Do I want a revocable or an irrevocable trust?
Many people set up a trust as part of their estate plan. A trust offers unparalleled protection for assets, making it a great way to preserve wealth and build a legacy that will last for many years after the person is gone.
However, a trust can also go into effect during a person’s lifetime. This type of trust is known as a living trust, and it comes in two major categories: revocable and irrevocable.
In this blog post, we will discuss these two types and how you can decide which one is right for you and your plan.
When you set up a trust, you place property under the control of a trustee. The trustee has a fiduciary duty to manage the property for the benefit of the people or entities you name as beneficiaries of the trust.
Trusts are highly adaptable, and so you can name your family members or almost anyone you want as your beneficiaries. You can even name yourself as a beneficiary.
Many people name themselves as beneficiaries of their living trust, and then name their adult children or other relatives as successor beneficiaries. This way, the trust takes care of the person while they are alive and continues to take care of their loved ones after they are gone.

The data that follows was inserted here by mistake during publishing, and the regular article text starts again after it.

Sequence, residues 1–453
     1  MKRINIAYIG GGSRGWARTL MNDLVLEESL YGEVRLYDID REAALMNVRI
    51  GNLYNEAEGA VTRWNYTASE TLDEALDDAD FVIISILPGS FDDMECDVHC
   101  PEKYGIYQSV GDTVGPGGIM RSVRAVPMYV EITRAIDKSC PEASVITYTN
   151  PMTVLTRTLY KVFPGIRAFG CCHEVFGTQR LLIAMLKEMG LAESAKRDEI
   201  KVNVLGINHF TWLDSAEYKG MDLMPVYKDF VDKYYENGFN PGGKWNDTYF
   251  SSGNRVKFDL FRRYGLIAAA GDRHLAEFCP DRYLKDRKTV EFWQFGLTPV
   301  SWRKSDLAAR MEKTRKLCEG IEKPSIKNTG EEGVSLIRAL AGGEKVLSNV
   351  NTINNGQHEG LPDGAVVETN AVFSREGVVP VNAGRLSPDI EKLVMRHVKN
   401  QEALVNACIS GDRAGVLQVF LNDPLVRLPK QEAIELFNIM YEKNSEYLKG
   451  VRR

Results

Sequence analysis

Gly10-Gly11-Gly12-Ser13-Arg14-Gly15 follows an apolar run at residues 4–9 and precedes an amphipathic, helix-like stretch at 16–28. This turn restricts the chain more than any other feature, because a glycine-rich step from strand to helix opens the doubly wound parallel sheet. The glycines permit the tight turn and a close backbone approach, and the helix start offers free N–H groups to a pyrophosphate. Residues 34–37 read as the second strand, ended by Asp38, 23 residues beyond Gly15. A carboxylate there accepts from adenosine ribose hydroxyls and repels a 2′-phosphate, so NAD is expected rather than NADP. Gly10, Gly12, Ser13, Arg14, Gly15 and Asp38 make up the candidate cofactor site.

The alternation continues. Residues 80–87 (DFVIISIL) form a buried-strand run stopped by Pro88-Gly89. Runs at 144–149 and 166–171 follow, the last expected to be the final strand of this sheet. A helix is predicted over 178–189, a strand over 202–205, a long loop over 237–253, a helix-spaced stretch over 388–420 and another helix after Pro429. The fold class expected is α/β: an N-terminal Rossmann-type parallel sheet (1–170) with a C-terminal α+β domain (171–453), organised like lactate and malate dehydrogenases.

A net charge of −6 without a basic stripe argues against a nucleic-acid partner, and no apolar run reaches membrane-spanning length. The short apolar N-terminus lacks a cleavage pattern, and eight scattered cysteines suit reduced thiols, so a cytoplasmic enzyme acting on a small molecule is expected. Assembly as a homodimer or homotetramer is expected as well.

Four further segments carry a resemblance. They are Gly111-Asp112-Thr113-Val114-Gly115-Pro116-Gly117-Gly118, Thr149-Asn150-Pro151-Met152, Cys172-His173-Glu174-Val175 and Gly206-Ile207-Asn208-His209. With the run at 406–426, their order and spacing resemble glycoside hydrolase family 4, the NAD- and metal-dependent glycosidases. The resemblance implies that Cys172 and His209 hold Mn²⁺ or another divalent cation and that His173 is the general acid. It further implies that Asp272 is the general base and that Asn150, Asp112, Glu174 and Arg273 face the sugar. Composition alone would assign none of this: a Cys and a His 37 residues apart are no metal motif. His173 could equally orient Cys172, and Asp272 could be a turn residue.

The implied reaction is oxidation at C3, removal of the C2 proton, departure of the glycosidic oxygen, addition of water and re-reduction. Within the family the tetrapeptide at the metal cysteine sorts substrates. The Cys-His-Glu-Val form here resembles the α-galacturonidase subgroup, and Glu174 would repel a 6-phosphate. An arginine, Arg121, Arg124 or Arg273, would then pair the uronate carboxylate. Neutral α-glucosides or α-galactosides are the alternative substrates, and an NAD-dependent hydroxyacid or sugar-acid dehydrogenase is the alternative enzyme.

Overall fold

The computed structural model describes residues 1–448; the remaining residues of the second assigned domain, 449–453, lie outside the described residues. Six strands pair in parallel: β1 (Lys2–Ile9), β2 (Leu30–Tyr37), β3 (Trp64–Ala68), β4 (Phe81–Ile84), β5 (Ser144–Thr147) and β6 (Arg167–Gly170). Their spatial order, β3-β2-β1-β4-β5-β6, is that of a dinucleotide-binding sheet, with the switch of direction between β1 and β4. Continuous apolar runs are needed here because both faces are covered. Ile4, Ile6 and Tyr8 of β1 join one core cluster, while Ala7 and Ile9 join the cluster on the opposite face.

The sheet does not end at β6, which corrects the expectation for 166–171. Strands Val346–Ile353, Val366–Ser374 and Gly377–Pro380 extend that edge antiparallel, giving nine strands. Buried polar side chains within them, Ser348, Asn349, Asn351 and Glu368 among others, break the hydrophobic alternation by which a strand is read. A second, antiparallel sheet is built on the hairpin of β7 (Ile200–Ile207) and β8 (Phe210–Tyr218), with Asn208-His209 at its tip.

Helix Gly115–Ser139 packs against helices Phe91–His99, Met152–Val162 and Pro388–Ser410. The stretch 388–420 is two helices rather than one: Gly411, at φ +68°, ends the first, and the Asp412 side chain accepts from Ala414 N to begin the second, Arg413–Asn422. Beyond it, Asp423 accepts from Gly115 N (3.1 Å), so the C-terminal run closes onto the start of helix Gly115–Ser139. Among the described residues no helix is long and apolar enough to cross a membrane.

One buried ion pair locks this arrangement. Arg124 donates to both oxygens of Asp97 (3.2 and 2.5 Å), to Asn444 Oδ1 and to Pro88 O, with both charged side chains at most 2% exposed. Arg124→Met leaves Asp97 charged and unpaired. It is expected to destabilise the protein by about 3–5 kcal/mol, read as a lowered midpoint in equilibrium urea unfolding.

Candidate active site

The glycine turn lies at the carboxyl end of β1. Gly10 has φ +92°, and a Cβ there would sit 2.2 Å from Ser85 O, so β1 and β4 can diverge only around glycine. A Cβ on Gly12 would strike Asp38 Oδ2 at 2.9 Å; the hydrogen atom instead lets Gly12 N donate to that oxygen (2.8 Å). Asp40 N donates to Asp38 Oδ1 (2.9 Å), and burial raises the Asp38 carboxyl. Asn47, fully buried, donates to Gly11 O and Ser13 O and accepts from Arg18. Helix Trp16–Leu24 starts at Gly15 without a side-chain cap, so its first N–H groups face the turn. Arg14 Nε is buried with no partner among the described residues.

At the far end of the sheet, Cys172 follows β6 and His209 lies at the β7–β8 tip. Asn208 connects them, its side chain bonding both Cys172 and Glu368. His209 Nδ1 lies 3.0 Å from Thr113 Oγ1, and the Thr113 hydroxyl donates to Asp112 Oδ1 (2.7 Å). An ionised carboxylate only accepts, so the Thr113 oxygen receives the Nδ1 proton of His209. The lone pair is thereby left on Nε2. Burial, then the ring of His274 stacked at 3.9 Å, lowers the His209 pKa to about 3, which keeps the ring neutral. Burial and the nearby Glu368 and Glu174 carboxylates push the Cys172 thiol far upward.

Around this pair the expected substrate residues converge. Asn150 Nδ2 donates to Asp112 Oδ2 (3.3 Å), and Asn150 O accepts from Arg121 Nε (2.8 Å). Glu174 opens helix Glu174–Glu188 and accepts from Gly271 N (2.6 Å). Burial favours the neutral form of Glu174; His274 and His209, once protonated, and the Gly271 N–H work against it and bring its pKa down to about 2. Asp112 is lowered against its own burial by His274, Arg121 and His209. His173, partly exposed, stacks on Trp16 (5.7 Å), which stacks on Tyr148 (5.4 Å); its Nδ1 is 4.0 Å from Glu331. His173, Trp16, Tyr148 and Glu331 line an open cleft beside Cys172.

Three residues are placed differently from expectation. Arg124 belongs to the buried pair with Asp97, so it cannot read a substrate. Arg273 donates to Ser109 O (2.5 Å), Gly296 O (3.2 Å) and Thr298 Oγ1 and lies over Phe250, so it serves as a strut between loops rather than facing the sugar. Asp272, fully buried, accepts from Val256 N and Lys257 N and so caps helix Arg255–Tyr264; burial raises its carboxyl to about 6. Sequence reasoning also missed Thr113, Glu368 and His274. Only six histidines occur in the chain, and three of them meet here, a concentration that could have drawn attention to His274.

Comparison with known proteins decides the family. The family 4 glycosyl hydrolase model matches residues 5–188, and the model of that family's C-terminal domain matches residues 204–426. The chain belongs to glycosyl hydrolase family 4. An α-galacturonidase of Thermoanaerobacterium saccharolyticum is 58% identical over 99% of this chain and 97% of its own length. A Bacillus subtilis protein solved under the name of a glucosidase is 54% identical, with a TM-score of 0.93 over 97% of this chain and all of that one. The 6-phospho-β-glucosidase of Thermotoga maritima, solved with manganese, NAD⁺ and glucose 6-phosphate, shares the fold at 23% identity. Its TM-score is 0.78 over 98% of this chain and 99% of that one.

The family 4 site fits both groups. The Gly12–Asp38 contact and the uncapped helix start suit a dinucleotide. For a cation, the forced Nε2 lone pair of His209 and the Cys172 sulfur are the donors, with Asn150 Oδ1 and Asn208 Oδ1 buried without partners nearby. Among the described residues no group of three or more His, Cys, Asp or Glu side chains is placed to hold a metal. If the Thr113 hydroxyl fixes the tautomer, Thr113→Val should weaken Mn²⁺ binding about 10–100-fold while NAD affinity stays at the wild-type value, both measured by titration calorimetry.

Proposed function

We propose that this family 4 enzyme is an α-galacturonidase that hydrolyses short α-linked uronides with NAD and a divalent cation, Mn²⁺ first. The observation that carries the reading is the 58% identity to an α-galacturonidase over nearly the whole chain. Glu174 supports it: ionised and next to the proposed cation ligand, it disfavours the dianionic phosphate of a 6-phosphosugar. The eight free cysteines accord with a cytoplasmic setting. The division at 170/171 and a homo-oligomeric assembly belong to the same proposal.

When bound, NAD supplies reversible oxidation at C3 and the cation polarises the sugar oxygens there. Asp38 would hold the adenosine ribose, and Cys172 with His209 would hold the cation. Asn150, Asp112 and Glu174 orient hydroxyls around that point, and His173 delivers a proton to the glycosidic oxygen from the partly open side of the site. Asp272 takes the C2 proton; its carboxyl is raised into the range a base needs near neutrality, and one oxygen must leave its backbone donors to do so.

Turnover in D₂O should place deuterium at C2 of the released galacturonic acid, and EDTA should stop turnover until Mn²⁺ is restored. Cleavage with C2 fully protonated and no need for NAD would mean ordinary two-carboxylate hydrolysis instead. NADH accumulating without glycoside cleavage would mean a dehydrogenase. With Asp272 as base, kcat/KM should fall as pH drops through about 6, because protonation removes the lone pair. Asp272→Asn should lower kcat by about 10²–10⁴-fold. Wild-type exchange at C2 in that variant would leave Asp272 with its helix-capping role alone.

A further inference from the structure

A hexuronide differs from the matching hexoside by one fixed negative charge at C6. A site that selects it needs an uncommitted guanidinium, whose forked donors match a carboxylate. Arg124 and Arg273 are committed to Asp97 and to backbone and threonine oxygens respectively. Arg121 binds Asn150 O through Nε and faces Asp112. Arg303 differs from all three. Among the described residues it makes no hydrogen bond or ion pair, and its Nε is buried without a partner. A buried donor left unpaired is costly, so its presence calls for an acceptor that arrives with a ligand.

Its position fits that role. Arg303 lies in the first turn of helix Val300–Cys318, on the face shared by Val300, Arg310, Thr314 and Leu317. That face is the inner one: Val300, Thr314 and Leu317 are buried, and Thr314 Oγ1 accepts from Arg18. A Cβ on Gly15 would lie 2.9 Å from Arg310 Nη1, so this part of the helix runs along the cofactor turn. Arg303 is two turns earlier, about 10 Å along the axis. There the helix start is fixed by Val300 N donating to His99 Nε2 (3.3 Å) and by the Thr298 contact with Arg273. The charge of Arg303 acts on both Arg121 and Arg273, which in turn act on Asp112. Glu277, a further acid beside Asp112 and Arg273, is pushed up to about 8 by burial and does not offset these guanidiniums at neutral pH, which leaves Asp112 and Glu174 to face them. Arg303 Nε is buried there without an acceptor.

Life throws a lot of changes at us, and that doesn’t stop once we have created an estate plan. If you have created a living trust, you may find a few years later that it no longer meets your needs. You may want to change the beneficiaries, make some other change, or perhaps dissolve the trust.
As its name implies, a revocable trust allows you to make these changes. Of course, after you pass away, the trust becomes irrevocable, but during your lifetime, you have a great degree of control over your revocable trust.
That control comes at a price. Because you can access the property if you need to, New York law does not grant a revocable trust the same degree of protection it gives to irrevocable trusts. The property in a revocable trust may be subject to tax liability. It could also be accessed by your creditors in some circumstances.
It’s much harder to change the terms of an irrevocable trust. Doing so would require the consent of all the beneficiaries and/or a ruling by the court.
If you have set up an irrevocable living trust, it is largely out of your control. And because it is out of your control, the property is out of the reach of your creditors and the IRS.
Deciding which type you need
If you have decided you want a living trust, the next question is whether you want it to be revocable or irrevocable. To make this decision, you will want to consider how much control you want, as well as how many changes you foresee happening in your family in the years to come. If asset protection is your top concern, then an irrevocable trust may be your best option. However, if your family is still young and growing, you may wish to have the greater control that comes with a revocable trust.